Tuesday, May 22, 2012

Commercial spacecraft speeds toward space station

CAPE CANAVERAL, Fla. (AP) — Opening a new, entrepreneurial era in spaceflight, a ship built by a billionaire businessman sped toward the International Space Station with a load of groceries and other supplies Tuesday after a spectacular middle-of-the-night blastoff.

The launch of the Falcon 9 rocket and its unmanned Dragon capsule marked the first time a commercial spacecraft has been sent to the orbiting outpost.

Tracing a fiery arc across the night sky, the rocket lifted off just before 4 a.m. and smoothly boosted the capsule into orbit. The capsule is expected to rendezvous with the space station within days, delivering a half-ton of provisions for its six crew members.

It is considered just a test flight — in fact, the capsule was packed with only nonessential items, in case something went disastrously wrong — but if all goes well with this mission and others like it, commercial spaceships could be carrying astronauts to and from the space station in three to five years.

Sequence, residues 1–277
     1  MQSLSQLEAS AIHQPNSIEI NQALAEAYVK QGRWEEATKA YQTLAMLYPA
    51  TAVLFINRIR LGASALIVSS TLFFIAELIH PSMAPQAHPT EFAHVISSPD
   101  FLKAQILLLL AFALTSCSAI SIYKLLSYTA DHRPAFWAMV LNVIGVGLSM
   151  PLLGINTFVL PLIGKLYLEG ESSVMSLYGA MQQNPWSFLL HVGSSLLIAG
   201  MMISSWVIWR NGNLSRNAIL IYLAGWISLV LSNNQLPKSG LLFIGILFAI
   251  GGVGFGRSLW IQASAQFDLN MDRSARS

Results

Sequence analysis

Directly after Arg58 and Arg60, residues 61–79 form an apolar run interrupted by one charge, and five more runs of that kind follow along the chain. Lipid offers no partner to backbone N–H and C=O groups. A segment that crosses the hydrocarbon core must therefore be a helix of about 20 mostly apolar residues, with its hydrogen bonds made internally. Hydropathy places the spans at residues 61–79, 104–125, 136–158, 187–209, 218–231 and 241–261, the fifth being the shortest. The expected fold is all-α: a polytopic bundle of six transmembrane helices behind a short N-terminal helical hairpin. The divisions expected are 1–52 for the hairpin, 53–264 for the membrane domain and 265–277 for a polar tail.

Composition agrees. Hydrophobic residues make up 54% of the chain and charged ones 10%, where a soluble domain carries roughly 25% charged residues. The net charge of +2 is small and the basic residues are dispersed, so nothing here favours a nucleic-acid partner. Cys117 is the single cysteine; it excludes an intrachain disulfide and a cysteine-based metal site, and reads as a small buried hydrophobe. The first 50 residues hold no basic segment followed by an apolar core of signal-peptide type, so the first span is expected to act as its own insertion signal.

"Falcon flew perfectly!!" billionaire entrepreneur Elon Musk, founder of the SpaceX company, said via Twitter. "Feels like a giant weight just came off my back."

Musk later told reporters: "For us, it's like winning the Super Bowl."

Up to now, flights to the space station were something only major governments had done.

The White House offered congratulations. Learn More...

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